Combining captivating portrayals of various characters with the pulse of beat poetry, PlayMakers’ one man show, "Rodney King", presents a multifaceted take on America’s complicated relationship with race.
Staged in Kenan Theatre, “Rodney King” opens PlayMakers’ 2014 season with a rhythm-charged glimpse into the world Rodney King, whose assault by members of the Los Angeles police department became the symbolic spark of the city’s 1992 riots.
The play was written and performed in its entirety by Roger Guenveur Smith, whose relentless intensity and masterful diction wove together a powerfully poetic chronicle of King’s ordeal.
The show opens with a jarring combination of melodic tones and audio tracks from news reports covering King’s assault. As the sounds fluctuate, different voices can be heard seemingly praising or mocking the man, giving the audience a sense that the person and his message are equally complex.
From there, a square of light illuminates Smith, who adopts the persona of a disgruntled rapper, brutally assailing King. As the audience reels at the verbal attack, Smith transitions into a calming, raspy commentary on King — not only as an icon, but as a human being.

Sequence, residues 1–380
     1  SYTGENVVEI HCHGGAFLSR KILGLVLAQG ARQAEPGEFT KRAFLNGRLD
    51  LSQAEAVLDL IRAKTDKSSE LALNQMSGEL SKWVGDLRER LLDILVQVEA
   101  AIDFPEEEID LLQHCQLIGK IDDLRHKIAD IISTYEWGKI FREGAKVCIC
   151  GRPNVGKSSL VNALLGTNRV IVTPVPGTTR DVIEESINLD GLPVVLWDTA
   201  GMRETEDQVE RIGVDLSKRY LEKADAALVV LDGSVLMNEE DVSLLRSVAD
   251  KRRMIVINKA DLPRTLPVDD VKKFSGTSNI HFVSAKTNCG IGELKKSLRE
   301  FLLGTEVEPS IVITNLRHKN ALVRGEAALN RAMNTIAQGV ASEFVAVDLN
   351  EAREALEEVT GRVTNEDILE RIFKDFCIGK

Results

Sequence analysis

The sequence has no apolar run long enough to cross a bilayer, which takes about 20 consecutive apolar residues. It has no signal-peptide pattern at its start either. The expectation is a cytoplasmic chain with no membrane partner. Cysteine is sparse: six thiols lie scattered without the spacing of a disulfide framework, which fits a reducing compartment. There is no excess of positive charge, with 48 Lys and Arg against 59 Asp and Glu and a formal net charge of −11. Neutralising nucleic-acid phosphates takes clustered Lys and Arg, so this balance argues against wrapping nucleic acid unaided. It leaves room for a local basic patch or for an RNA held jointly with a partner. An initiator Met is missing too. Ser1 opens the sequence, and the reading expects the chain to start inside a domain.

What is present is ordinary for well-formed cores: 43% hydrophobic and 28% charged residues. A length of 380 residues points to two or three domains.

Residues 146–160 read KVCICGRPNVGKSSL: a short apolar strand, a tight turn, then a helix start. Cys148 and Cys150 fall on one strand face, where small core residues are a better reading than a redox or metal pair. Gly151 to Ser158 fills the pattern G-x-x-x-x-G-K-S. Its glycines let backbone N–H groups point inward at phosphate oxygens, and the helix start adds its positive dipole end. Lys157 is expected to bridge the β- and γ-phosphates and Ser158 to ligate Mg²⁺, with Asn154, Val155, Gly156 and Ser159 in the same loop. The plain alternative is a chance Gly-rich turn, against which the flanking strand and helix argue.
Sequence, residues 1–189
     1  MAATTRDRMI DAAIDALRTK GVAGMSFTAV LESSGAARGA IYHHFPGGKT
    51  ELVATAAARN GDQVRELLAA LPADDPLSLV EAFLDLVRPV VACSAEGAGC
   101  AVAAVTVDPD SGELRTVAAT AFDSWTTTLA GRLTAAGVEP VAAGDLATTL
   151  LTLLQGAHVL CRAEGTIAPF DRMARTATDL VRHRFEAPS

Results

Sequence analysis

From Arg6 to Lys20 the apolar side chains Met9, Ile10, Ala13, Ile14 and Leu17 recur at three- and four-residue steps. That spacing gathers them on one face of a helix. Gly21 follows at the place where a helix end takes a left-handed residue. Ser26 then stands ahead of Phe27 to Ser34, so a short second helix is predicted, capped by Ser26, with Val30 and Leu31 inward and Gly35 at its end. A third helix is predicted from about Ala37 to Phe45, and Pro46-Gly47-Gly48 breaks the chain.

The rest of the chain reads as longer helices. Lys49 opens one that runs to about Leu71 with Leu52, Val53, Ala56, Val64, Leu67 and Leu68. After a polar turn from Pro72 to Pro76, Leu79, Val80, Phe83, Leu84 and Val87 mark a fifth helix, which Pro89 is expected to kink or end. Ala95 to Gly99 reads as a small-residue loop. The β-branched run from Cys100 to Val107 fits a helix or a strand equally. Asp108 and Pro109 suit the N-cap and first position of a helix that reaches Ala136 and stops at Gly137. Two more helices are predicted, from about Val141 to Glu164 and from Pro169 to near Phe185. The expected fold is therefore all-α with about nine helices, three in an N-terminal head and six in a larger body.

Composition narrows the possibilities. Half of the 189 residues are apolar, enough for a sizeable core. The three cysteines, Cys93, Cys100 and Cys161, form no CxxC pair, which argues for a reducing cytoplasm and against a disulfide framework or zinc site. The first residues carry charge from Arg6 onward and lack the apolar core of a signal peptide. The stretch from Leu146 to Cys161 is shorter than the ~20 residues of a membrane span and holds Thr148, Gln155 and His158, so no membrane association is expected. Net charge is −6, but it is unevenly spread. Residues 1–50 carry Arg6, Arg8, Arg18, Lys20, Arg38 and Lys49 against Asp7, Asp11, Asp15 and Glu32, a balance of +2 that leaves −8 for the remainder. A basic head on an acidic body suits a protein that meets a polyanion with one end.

Right from the start, Smith awes the audience with sounds and stories of hatred, brutality and bloodshed, only to lull them back into a sense of calm with the smooth cadence of his narration. This bating of the audience and their sensibilities not only served to hold attention, but made each word Smith uttered seemingly vital to the play’s fluctuating narrative.
His movement also added to the immense gravity of the language. As Smith transitioned seamlessly between characters and narration, his posture and action would radically modify to convey his tone. This gave an air of motion to his speech, making his words almost visible as they were said.
It’s also important to note the sense of ambiguity given by the play’s poetic approach. Many of the on and off beat deliveries were met with nervous laughs or stony silence from the audience, unsure whether they were meant to divine something comedic or dark from Smith’s composition.
Though somewhat risky, this style of performance actually brings a highly contemplative element to the show, forcing those watching to genuinely examine the dialogue and think about the different contexts through which it can be applied.
Smith’s dynamic appropriation of multiple viewpoints, as well as his striking dialogue and physicality, managed not only to enthrall his audience, but left them with an overwhelming sense of the racial continuum in the United States. Rodney King, both the man and icon, serve as Smith’s reminder of who we are and where we are going.
PlayMaker's "Rodney King" runs Tuesday, Sept. 2 through Sunday, Sept. 7 at UNC's Kenan Theater. Performances start at 7:30 p.m., with a Sunday matinee at 2 p.m.
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